Online from: 2008
Subject Area: Health and Social Care
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|Title:||A question of commitment – improving practitioner responses to domestic and sexual violence, problematic substance use and mental ill-health|
|Author(s):||Jennifer Holly, (Based at AVA (Against Violence & Abuse), London, UK), Miranda A.H. Horvath, (Senior Lecturer in Forensic Psychology, at the Department of Psychology, Middlesex University, London, UK)|
|Citation:||Jennifer Holly, Miranda A.H. Horvath, (2012) "A question of commitment – improving practitioner responses to domestic and sexual violence, problematic substance use and mental ill-health", Advances in Dual Diagnosis, Vol. 5 Iss: 2, pp.59 - 67|
|Keywords:||Best practice, Domestic violence, Drug addiction, Mental health, Mental health services, Sexual violence, Substance use, United Kingdom|
|Article type:||Research paper|
|DOI:||10.1108/17570971211241912 (Permanent URL)|
|Publisher:||Emerald Group Publishing Limited|
Purpose – AVA (Against Violence & Abuse) is funded by the Department of Health to deliver the Stella Project Mental Health Initiative. This project aims to develop and implement models of good practice for responding to survivors and perpetrators of abuse who also have a dual diagnosis. Marking the project's halfway point, this article aims to review what is already understood to be best practice in this area, to present the initial learning from the project evaluation, and to consider the most effective ways of promoting and enabling behaviour change among practitioners.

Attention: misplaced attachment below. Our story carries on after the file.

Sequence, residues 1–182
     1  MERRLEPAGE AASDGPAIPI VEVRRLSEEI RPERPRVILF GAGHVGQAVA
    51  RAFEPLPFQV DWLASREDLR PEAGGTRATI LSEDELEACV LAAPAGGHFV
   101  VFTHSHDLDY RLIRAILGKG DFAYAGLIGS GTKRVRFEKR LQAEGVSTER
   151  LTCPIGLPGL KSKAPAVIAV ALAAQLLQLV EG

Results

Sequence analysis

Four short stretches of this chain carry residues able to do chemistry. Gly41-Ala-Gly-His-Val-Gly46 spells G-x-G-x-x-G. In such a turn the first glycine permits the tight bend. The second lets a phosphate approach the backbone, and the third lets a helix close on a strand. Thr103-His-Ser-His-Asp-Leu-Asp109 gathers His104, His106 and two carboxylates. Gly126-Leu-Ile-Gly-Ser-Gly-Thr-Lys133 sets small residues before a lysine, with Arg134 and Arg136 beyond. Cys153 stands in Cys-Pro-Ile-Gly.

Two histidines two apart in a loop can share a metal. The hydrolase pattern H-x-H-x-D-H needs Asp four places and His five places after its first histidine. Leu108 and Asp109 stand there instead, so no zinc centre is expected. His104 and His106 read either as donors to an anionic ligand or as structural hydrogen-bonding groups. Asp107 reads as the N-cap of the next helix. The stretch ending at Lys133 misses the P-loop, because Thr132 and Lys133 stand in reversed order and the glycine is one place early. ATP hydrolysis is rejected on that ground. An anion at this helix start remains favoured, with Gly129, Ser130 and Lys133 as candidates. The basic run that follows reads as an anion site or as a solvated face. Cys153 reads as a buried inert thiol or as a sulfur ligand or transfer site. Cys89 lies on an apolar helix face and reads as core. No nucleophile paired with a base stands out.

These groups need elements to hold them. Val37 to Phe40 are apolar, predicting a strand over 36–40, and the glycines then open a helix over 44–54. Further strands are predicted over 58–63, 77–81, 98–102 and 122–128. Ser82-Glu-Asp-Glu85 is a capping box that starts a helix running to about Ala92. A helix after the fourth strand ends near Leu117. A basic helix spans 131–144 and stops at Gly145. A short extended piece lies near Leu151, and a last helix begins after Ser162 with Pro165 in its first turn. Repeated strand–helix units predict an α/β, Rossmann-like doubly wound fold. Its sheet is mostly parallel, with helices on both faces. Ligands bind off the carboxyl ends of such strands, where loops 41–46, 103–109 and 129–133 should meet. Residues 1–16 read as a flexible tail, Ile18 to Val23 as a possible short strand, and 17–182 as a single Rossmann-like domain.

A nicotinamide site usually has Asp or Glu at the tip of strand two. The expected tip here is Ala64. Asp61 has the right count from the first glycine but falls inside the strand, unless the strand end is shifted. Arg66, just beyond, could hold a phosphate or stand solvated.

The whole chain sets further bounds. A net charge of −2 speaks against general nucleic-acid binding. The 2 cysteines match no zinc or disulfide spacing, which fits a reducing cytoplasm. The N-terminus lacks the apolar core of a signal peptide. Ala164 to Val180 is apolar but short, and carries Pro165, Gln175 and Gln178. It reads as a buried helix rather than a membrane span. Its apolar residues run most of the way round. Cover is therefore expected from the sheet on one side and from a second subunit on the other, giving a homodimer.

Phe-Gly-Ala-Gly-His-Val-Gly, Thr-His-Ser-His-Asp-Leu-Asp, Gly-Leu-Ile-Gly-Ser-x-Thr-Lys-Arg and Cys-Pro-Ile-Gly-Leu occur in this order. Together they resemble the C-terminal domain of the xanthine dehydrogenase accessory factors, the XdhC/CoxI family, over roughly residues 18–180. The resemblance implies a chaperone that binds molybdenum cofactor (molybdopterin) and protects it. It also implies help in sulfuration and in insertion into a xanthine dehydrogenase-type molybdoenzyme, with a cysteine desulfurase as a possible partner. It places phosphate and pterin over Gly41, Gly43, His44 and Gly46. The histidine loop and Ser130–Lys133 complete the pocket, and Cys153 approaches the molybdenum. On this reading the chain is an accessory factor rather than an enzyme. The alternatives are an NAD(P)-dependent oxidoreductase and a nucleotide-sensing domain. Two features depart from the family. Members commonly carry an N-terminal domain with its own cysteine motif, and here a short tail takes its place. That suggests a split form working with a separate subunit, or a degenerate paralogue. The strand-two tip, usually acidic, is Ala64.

Design/methodology/approach – The research design for the evaluation is a mixed methods evaluation, drawing on both prospective and retrospective research techniques. The design was developed within an action research framework.
Findings – In line with other research, levels of routine enquiry or enquiry about experiences of violence were low amongst staff from all organisations participating in the project. In comparison staff seem somewhat more likely to enquire about substance misuse and mental health issues. Wide variation in attendance at training was found with a complex relationship between training and confidence emerging.
Originality/value – This paper adds to the growing evidence base to suggest that a lot more training, organisational support and research is needed to ensure that professionals who have contact with women who have experienced abuse, have mental health or substance use problems are asking their clients about all three issues, making appropriate referrals and ensuring victims with complex needs having access to protection and support.
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